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Blindness Doesn't Stop Painter from Following His Passion

It's literal, ever-narrowing, tunnel-vision.

December 30, 2010|Doug Magditch |

HARTVILLE, Mo. — Some artists say they paint what they see. One Ozarks painter can't even see what he paints.

David Kontra has a degenerative eye disease called retinitis pigmentosa. He has less than 5% vision in his only good eye.

Watching Kontra paint, he might seem like any other artist.

If you look closely, you see small differences. A spot of white canvas shines through the paint, and lines waver.

...despite Kontra's trained and steady hand.

"I cannot see the whole picture, while I'm working or after it's completed," says Kontra.

He can see a little.  ...very little. Being a blind painter seems impossible, but don't tell Kontra that.

"It does require a lot of concentration. It does require a lot of training, self-training, but it can be done. If blind people are given a chance, they can do a lot of things," says Kontra.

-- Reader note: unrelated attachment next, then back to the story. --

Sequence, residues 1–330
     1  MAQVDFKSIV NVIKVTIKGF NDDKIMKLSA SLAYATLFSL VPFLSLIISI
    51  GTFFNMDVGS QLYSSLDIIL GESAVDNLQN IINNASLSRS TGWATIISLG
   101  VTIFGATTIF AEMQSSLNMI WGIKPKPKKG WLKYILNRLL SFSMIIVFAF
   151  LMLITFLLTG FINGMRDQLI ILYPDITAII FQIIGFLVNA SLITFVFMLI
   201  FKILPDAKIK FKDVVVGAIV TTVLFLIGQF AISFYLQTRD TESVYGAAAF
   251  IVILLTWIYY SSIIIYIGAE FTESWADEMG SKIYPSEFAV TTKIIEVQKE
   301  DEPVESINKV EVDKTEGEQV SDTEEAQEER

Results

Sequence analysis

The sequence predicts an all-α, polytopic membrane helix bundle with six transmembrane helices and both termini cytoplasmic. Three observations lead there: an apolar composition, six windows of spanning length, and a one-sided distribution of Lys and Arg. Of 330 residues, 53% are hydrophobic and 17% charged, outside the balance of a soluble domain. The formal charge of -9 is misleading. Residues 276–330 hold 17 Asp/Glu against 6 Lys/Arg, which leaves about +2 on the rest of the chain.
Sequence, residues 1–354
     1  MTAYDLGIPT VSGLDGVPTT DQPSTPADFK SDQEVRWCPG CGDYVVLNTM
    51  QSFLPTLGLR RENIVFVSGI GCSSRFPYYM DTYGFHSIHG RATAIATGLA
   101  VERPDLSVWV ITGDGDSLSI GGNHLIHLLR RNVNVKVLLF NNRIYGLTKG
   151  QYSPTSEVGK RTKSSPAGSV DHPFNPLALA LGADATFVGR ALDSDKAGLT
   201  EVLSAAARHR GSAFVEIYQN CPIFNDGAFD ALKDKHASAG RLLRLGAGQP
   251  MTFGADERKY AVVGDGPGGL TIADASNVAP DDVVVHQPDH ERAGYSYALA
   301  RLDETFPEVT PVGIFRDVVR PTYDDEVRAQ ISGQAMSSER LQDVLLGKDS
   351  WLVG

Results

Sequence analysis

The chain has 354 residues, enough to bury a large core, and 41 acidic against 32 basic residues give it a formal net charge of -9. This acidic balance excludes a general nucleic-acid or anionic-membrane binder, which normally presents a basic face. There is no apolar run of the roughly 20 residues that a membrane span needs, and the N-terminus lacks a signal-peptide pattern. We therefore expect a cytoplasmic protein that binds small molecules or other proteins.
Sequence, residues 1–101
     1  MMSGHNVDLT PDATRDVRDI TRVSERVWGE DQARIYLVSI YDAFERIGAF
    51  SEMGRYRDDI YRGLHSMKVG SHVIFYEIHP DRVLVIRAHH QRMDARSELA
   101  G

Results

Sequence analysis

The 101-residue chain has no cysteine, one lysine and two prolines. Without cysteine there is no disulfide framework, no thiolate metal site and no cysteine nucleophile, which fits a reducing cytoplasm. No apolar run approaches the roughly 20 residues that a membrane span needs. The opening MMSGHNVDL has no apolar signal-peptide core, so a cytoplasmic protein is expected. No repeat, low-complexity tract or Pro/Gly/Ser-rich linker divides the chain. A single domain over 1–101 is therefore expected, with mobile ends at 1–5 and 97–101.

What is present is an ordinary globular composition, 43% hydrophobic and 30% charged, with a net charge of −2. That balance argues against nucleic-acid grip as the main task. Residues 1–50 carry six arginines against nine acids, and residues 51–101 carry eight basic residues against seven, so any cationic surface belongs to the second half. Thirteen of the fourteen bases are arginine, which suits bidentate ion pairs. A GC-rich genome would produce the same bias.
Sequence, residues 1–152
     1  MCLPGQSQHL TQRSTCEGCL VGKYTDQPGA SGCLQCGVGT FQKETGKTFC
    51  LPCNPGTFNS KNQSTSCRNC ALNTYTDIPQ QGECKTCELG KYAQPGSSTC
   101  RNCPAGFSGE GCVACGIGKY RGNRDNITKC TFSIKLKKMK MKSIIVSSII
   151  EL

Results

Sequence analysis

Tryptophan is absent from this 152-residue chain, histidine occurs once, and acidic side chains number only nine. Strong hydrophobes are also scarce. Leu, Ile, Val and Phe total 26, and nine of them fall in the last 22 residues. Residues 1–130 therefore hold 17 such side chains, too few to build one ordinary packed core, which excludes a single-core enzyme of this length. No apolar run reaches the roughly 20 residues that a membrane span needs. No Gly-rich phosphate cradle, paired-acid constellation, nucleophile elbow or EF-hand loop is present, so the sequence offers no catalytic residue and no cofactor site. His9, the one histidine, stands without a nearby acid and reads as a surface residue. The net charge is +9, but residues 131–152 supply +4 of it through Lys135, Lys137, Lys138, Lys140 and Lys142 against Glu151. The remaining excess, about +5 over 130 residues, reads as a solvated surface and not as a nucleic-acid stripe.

By the time Kontra's finished, he'll have an idea of what a painting looks like. That's because he memorizes every inch, every brushstroke

"It's like looking through a straw with my left eye only. My right eye is useless. At the end of the straw, when you're looking through the straw, you see this little hole. At the end of that straw is blurriness and blind spots," says Kontra.

It's literal, ever-narrowing, tunnel-vision.

If you step into his showroom, what you see, Kontra has never seen. At least, he hasn't seen it completely.

Imagine spending months painting something, you can never see.


You might assume it gets frustrating to paint when you're legally blind, but it isn't for Kontra. In fact, he often paints to release his frustration with politics and the world around him.

It's a world that, he says, doesn't seem to understand the lesson he's hoping to teach.

"Disabled people can create art. visual art," says Kontra.

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